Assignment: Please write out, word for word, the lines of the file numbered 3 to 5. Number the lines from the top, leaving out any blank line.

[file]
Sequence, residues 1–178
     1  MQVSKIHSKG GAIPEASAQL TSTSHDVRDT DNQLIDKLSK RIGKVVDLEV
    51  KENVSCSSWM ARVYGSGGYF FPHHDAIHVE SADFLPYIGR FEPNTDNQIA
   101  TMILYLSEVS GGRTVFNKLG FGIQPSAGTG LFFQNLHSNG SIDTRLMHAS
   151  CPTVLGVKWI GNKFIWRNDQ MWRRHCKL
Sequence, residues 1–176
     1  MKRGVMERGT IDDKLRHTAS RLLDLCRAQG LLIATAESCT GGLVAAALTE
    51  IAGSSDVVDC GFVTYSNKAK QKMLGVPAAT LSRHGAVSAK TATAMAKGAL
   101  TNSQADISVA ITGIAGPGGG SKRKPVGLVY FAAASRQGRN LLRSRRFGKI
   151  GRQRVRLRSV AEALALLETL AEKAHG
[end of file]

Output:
    51  KENVSCSSWM ARVYGSGGYF FPHHDAIHVE SADFLPYIGR FEPNTDNQIA
   101  TMILYLSEVS GGRTVFNKLG FGIQPSAGTG LFFQNLHSNG SIDTRLMHAS
   151  CPTVLGVKWI GNKFIWRNDQ MWRRHCKL